OpenMedia is an open multi-stream, media-processing software environment that supports IP media-stream processing for voice-over-IP (VoIP) and fax-over-IP (FoIP), as well as traditional computer telephony circuit-switched applications. OpenMedia reduces the cost of developing and porting media-processing products and supports straightforward media software deployment on Commetrex’ Media Stream Gateway boards, host PCs, and other hardware platforms. OpenMedia is designed to work efficiently with Open Telecommunications Framework® (OTF), Commetrex’ implementation of the ECTF S.100 host-level environment recommendation, as well as other vendors’ software environments.
OpenMedia can exist on any stream-processing computing resource or resources, making it just as applicable to proprietary embedded systems as to general-purpose DSP-resource boards, or even a host PC. So Commetrex is offering OpenMedia for license in three versions for
- Commetrex Media Stream Gateway products
- Windows NT PC host implementations
- Proprietary-platform implementations
Flexible Media Processing
OpenMedia is the only software environment that promotes the interoperability and portability of media-processing system resources provided by various vendors. It enables the developer to easily
- “Mix and Match” M.100-compliant media-processing resources from different vendors
- Create proprietary integrated multiple-media products
- Avoid years of software development
- Improve system performance by leveraging the industry’s most productive and resource-efficient multi-stream media-processing development environment
Today, with M.100, the industry has the opportunity to integrate voice, fax, data, VoIP, FoIP, text-to-speech, speech recognition, and even video, on open low-cost media-processing resources.
OpenMedia Design Objectives
M.100 specifies an API; it only implies an implementation. The implementation goals of OpenMedia were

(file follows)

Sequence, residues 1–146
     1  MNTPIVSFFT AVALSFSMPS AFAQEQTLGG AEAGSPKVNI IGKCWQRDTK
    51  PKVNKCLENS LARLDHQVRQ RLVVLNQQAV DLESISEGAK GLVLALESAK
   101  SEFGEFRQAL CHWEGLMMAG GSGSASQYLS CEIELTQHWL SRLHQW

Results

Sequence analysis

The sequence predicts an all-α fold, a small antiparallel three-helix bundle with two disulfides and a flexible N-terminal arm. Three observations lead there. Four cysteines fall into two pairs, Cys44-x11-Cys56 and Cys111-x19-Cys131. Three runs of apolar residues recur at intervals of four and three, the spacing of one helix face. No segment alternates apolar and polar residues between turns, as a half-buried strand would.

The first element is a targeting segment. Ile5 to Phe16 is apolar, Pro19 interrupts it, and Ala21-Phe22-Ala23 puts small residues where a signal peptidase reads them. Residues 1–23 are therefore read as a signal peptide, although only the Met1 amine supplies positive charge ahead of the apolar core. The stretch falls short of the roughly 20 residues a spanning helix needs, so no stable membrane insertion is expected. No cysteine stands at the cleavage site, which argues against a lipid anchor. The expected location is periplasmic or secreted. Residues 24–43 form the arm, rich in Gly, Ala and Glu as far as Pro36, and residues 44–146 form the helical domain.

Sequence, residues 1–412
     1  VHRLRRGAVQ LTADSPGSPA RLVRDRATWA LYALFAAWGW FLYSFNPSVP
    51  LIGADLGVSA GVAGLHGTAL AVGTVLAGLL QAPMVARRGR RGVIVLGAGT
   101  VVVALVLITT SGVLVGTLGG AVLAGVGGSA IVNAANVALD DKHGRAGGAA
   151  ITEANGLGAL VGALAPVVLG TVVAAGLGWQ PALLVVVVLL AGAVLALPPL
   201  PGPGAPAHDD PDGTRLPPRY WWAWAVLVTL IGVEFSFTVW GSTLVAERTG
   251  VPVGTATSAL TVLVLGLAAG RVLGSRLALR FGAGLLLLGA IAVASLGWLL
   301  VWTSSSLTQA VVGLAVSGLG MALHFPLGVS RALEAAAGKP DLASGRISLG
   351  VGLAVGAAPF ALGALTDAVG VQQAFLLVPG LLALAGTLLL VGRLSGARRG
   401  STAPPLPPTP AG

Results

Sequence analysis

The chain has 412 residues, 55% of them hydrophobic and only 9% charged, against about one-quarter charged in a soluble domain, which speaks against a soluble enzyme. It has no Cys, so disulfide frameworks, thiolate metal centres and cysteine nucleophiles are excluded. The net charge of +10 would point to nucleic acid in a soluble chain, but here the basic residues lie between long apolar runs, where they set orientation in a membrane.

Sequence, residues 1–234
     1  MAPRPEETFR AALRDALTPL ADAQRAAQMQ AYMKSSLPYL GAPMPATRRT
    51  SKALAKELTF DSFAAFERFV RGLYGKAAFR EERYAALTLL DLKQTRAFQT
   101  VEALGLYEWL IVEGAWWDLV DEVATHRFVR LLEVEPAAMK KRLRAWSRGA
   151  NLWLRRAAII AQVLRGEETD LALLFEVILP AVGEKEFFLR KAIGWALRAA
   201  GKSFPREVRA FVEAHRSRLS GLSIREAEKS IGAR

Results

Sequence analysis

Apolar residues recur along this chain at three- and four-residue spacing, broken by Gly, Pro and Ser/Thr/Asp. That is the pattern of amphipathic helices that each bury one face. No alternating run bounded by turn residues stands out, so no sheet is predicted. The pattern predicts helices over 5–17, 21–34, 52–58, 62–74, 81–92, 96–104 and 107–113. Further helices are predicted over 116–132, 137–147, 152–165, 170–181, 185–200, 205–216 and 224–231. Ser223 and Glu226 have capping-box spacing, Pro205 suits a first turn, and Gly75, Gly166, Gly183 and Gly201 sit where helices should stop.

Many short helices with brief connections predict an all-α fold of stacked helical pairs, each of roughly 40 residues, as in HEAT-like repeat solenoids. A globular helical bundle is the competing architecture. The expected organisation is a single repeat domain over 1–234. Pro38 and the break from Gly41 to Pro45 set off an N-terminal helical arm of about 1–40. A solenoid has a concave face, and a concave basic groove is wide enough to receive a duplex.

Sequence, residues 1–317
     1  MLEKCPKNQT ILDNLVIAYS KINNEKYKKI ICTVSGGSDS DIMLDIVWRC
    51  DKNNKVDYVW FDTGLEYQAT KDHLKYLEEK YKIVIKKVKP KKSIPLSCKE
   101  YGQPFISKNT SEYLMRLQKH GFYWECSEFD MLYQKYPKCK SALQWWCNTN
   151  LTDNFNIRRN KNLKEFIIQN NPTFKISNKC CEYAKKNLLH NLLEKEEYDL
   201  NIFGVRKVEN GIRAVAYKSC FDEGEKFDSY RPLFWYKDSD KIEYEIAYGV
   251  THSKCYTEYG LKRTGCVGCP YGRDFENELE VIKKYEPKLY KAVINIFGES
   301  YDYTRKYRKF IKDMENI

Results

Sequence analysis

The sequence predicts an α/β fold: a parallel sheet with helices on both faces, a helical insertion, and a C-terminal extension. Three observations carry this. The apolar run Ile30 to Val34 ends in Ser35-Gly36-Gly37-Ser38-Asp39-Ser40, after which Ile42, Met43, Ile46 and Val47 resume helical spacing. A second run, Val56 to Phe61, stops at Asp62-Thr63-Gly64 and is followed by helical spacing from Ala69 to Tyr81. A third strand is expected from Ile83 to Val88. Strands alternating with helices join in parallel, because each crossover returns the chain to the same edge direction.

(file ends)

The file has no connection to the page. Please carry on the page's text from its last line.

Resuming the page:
- System resource efficiency
- Development efficiency
- Skill-set separation
- Hardware independence and multi-processor support
In a signal-processing system resource efficiency means that DSP MIPS and on-chip RAM are conserved. The easiest way to improve MIPS efficiency is to limit the system to one media-processing task. Multiple media, with widely varying resource requirements, require OS-like task management on the DSP. With media-diversity an overriding requirement for OpenMedia, an efficient resource manager to support multiple media is an absolute requirement.
Development efficiency is promoted when functions common to most applications are factored out of the application and placed in the supporting environment, an underlying principal of M.100. In OpenMedia this concept extends across all processors in the Environment: the host PC, the MSP Media Gateway’s co-processor and its two DSPs.
Skill-set separation also promotes development efficiency. Most algorithm developers are not well-trained computer scientists. An effective environment will separate the DSP software from the rest of the system so the algorithm developers need not have system-level concerns.
Even with recent advances in DSP compiler design, most DSP algorithms are written in assembly code, which, by definition, is hardware-specific. But aside from this, there is no reason a multi-stream environment cannot be hardware independent. This means any stream-transform software in the system can run on any processor in the system transparent to the control program.
The MSP Environment
The software environment specified in M.100 is a logical aggregation of software components that control the flow of Media Streams and the operation of Media Stream Transforms (MSTs) on those streams. A Media Stream is a unidirectional flow of data between processing components with real-time constraints that usually involve the pacing requirements of isochronous (“equal-time”) data. MSTs are software components that process Media Stream data in some way: change the format (transcoding), extract information (a modem), or add information to the Media Stream (modems, vocoders, PCM-to-linear conversion, automatic speech recognition).
The environment’s components comprise a processing system that may include single or multiple processors: Pentium host processors, board-level co-processors, and DSPs are typical examples. One of the environment’s key software components is the MSP Application, responsible for requesting stream interconnections and bringing MSTs into execution to deliver a specified function to an external client entity.